55% of YA fiction is bought by Peter Pan-type oddballs whose
stunted mental development can’t process “grown-up books”. These tragic misfits
continue clinging desperately to the pink unicorn of YA long after their intellectually
adult peers have begun to devour the Booker shortlist.
Or at least, that’s what the book-snobs would have us
The fact is, plenty of adults consciously choose to read YA because it’s so bloody good. I’ll use
myself as an example here: I sailed past the YA demographic line a (looong)
while ago, but plenty of titles jostle for space on my “adult” bookshelves. So
how do I define YA? Ah, that’s a slippery question. A rule of thumb is that the
main character is usually the same age – give or take- as the intended
audience. But this isn’t set in stone. In Emma Donghue’s brilliant Room, the narrator is five years old,
but the novel reads like YA to me, although it’s marketed as an adult novel. So
I guess the answer would be, however any reader wants to define it.
I can’t speak for the many, many other adults who read YA,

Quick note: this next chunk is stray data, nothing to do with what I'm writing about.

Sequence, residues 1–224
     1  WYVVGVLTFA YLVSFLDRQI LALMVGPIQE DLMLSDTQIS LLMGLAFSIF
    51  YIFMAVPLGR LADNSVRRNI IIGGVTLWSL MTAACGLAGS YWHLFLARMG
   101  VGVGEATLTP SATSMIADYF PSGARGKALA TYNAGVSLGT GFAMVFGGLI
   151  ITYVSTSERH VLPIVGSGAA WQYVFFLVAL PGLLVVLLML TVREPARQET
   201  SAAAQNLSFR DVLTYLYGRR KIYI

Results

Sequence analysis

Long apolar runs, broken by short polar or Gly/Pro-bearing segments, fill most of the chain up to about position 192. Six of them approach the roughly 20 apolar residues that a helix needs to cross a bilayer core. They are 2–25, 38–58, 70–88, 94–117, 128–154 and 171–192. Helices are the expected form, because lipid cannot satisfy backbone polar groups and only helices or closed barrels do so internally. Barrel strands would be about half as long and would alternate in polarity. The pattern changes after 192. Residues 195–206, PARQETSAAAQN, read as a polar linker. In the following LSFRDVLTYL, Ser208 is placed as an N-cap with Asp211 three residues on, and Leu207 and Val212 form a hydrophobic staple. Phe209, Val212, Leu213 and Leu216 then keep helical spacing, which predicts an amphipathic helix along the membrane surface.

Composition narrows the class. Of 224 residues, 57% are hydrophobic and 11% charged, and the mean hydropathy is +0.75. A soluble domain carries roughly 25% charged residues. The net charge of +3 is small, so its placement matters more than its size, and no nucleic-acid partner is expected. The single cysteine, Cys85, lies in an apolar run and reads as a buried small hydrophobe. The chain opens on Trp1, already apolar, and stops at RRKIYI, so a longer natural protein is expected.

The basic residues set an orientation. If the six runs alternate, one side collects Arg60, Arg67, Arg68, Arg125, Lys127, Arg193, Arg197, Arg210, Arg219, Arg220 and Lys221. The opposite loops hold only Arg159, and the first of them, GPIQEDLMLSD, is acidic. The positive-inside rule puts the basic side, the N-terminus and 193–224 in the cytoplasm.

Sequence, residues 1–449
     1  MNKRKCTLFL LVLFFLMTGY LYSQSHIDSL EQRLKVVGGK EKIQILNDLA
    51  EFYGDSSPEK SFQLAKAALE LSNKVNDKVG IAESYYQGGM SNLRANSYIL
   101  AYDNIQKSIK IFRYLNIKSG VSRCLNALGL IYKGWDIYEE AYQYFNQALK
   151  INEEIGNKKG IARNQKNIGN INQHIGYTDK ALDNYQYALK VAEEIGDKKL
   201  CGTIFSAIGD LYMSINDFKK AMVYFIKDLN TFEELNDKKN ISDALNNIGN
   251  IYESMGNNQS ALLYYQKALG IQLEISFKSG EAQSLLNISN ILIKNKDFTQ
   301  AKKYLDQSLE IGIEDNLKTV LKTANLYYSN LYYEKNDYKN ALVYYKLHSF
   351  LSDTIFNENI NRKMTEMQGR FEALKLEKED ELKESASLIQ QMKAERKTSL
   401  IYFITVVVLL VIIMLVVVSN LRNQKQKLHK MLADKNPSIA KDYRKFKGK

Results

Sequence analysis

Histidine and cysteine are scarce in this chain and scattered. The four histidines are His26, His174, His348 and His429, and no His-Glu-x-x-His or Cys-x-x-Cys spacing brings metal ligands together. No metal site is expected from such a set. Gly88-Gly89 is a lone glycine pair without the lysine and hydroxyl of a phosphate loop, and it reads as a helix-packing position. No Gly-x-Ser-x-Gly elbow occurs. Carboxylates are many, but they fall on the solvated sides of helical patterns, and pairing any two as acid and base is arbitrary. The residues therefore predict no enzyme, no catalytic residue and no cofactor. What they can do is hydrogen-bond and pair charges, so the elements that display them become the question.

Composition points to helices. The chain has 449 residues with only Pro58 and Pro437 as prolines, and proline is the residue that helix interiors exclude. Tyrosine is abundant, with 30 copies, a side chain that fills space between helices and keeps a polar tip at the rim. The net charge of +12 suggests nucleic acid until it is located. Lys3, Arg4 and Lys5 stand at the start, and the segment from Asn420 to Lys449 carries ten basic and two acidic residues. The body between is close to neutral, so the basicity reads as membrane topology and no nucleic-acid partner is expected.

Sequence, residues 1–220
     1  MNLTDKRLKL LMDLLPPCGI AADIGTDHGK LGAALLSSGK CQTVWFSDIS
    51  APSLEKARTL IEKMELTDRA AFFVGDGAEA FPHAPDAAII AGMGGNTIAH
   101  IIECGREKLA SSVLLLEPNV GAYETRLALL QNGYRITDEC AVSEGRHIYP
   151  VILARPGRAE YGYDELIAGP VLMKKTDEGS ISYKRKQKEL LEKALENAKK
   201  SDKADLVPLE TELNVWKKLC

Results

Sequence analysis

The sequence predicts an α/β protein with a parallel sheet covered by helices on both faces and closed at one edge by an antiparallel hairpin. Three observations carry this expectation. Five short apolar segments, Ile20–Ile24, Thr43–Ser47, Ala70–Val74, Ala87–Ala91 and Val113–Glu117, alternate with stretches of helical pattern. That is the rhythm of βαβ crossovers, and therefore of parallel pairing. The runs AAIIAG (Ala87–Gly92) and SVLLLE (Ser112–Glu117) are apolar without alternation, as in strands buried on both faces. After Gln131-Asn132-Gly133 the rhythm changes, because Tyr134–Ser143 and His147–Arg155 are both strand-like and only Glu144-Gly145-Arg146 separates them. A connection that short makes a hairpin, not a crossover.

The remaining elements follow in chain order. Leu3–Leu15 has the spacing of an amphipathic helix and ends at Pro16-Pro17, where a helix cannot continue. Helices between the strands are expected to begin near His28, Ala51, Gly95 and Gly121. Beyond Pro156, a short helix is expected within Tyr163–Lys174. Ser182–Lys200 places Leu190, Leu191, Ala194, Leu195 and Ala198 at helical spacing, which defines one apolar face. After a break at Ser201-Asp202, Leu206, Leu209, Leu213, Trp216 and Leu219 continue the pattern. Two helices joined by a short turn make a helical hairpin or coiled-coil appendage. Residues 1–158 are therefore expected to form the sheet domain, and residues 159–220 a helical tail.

but the reason I love it is because of the scope. It (and this is just my
opinion) is just so much broader than adult fiction. The themes, the
characters, the situations in sci-fi, fantasy, romance, dystopias and hybrids
of these in a multitude of combinations. Adult fiction seems much more cautious
to me. And that’s why I chose to write as well as read YA: it’s an exciting
genre with room for every type of book.
As an author, the 55% Rule has occasionally made me pause.
When I write, I have a very specific audience in mind, a kind of “ideal reader”
and I’m aware that not everyone who buys my books is a 15/16 year old working
class girl from the north of England. If someone out of my target demographic
wants to read my work, thank you! That makes me happy. But is that going to
make me change the way I treat certain themes or the language I use? No. One of
the truly beautiful things about YA fiction is its diversity and I think
there’s room within that for characters from all walks of life. Maybe this
would be a good moment to tell you what I think when people ask me when I’m
going to write “books for adults” but maybe you should just use your
Shall I tell you something that really bugs me? People who
describe YA as a guilty pleasure. If
you like something, you like it. There’s no need to feel guilty. I’ve never been
asked my age in a bookshop and until that happens, I’ll carry on reading YA.
Happy Christmas and Happy 2016. Thanks for championing YA,
Big Book Project!